The Comma : ( , )
The Comma represents the shortest pause. Its chief uses in a Simple sentence are the following.
(a) Between Nouns or Pronouns in Apposition
Alexander, the son of Philip, king of Macedon…..
But note that no comma is used if the appositional words are defining or restrictive.
Winston Churchill the statesman and Winston Churchill the novelist are two different people.
(b) Between three or more words of the same Part of Speech, when only the last two are connected by AND.
America, Russia, and England formed an alliance. (Nouns)
We should live soberly, prudently, and industriously at all times. (Adverbs)
Early to bed and early to rise Makes a man healthy, wealthy, and wise. (Adjectives)
But note that no comma is used between adjectives if it would not be possible
to insert AND.
1. Thus…. A tall, stout, red-faced person
2. But….A poor little black boy. (No Comma)
(c) Before and after the Vocative
1. Here is your book, father.
2. Friends, Romans, countrymen, lend me your ears.
(d) After an Absolute Construction
The sun having set, we all went home.
(e) When words of the same class or rank go together in pairs, each pair is separated by a Comma.
By night or by day, at home or abroad, asleep or awake, he is a constant source of anxiety to his father.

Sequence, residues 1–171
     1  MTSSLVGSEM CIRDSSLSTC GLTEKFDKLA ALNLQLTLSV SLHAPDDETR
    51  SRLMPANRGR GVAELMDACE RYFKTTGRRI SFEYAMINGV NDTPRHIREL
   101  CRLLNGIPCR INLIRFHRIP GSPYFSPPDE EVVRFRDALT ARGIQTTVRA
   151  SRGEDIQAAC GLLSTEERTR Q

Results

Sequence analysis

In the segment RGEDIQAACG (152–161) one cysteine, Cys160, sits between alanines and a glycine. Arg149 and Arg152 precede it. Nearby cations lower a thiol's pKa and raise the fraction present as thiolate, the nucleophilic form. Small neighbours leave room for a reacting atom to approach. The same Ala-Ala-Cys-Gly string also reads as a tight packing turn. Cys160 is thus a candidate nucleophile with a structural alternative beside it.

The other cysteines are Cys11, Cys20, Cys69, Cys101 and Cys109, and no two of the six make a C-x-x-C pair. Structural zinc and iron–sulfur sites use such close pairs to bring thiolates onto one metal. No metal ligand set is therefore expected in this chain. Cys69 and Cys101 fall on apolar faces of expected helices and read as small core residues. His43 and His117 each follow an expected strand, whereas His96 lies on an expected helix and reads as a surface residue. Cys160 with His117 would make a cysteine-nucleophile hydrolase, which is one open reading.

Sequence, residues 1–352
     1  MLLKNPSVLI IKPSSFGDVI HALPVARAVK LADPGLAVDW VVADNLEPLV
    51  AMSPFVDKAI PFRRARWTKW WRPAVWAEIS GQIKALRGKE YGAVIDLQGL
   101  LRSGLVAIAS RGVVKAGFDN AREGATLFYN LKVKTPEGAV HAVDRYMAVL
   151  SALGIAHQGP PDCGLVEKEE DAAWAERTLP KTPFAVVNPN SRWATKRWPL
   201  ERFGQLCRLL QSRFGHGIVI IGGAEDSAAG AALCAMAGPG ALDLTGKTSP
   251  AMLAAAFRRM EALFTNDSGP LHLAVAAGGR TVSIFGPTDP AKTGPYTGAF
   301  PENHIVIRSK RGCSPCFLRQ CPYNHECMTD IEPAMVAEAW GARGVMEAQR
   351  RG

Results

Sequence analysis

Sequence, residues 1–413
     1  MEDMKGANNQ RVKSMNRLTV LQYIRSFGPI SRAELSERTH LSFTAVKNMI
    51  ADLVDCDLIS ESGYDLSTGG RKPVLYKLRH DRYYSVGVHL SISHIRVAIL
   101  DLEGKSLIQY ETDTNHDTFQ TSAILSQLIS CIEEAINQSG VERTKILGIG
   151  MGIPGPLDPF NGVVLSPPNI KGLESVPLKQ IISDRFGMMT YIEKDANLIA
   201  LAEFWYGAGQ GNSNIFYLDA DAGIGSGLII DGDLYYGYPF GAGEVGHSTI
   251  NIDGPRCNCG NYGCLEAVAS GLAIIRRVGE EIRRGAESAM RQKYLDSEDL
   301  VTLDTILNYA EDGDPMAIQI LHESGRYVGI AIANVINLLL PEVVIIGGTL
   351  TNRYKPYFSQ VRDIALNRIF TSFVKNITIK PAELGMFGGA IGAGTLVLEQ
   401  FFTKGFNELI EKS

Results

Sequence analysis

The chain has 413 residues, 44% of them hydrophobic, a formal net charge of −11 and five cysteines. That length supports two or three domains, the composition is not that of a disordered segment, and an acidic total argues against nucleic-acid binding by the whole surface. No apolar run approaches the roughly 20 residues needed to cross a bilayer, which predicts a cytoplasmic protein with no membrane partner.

(f) After an Adverbial Phrase at the commencement of a sentence (This, however, is a matter of taste and the tendency is to omit it.)
1. In fact, his poetry is no better than prose.
2. At last, he has gained his point.
(g) Before and after a Participial phrase, provided that the Participle might be expanded into a clause and is not used in a merely qualifying sense
Caesar, having defeated the Gauls, led his army into Britain. (Here 'having defeated' means 'after he had defeated.')
Convinced of the accuracy of his facts, he stuck to his opinion. (Here 'convinced' means 'because he was convinced.')
But when the Participle qualifies the Noun so as merely to restrict its meaning, as an Adjective would do, the Comma should not be used.
1. A dog lying asleep on a public road is likely to be run over.
2. A man convinced against his will is of the same opinion still.
Before certain Co-ordinating Conjunctions…
1. He is not a madman, but a knave.
2. He was not only accused, but also convicted.
3. He hoped, then, that he would be pardoned.
Before and after Gerundial Infinitives used in an explanatory or parenthetical sense…
1. I am, to tell you the truth, thoroughly sick of work.
2. To sum up, the man was convicted of three charges.
A Comma is usually used to introduce a sentence quoted in Direct Narration. The sentence so quoted must be commenced with a capital letter.
He said to us, 'Wait and watch.'
If the question is a long one it may be preceded by a colon instead of a comma.
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